BLACK LIVES MATTER: POEMS FOR A NEW WORLD – REVIEW

2
By Ananya Wilson-Bhattacharya

Content warning: references to police violence, racist violence.

The revival of the Black Lives Matter movement has inspired an array of haunting artistic responses. Black Lives Matter: Poems for a New World, edited by Ambrose Musiyiwa, is no exception. With over 100 contributions from writers of diverse ages and backgrounds, the collection is a poignant exploration of an era of renewed protest and newfound solidarities, against the backdrop of the coronavirus pandemic.

Continue Reading

THE PLAY ABOUT THERESA MAY – REVIEW

By Toby Skelton

There is an elephant in the room with Amie Marie’s mischievous comedy The Play About Theresa May: why publish a satire on May’s bungled and mayhemic term in government in 2021? When placed beside the burning wreckage of policies created by her etonian man-child of a successor, there is a risk of the text losing its relevance before you’ve even passed the cover. Marie navigates this hurdle gracefully, however; its name-sake target has been out of office nearly two years, but The Play About Theresa May is still an extremely timely exploration of political engagement in 21st Century Britain.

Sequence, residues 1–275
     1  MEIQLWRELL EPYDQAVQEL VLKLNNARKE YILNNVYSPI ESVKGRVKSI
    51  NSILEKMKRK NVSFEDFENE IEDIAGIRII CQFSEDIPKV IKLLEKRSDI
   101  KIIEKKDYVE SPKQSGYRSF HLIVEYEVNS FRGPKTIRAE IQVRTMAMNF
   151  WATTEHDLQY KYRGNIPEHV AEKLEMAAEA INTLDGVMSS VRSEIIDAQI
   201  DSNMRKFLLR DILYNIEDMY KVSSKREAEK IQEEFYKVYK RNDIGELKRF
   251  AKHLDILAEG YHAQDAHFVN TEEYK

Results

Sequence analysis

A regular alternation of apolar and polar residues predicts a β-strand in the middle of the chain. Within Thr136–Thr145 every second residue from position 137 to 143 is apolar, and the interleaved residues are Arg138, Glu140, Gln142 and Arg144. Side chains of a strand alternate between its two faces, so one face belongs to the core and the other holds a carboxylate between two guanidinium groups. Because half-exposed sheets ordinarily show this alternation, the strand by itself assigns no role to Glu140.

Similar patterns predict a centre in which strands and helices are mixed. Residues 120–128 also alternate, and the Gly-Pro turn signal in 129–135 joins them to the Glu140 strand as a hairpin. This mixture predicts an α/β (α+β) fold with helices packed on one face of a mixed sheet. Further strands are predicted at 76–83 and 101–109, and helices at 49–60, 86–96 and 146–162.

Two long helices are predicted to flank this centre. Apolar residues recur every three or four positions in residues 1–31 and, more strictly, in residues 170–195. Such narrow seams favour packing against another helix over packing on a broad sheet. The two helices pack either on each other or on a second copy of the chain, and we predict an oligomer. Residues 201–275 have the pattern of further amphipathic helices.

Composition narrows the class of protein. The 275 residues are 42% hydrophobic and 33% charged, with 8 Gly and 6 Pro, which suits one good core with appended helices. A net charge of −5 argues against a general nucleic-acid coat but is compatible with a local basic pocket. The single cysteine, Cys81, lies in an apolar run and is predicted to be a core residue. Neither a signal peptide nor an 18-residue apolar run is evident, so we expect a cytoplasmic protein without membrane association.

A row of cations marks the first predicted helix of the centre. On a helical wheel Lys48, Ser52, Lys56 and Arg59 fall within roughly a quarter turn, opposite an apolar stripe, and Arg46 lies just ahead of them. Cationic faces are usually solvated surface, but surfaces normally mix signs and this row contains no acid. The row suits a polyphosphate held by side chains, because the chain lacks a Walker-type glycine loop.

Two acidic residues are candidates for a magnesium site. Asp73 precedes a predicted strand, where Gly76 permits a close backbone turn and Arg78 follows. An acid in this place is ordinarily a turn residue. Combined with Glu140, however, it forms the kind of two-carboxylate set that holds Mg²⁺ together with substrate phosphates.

Continue Reading

THE ANTI-POLL TAX UNIONS: LESSONS IN COMMUNITY ORGANISING

By Niahl Hubbard

When activists look back to the movement that arose to challenge the introduction of the Poll Tax, they will see it as one of ordinary people taking on the establishment and coming out victorious. Whilst the rioting in Trafalgar Square and similar confrontations between police and protestors often takes centre stage in our collective memory of this period, there is the risk of overlooking the grassroots and community led resistance that fought every step of the way during the Poll Tax’s introduction – the resistance of the Anti-Poll Tax Unions.

Continue Reading

HONG KONG – BRING IT ON

by Micha Horgan

In this era of jaw-dropping politics and marionette-style blunders, Boris Johnson has done it again. This time, though he may not have landed any more mums in Persian clinks, it seems he’s just landed Britain in a little more shit.  

‘Is anyone else seeing this?’ I thought (admittedly with some relish) as I read that 600,000 Hong Kong citizens are, on Boris’s invitation, seeking permanent residency in the UK within the next two years. 

Continue Reading

UN VOTES TO COMBAT NAZISM – BUT THE WEST OPTS OUT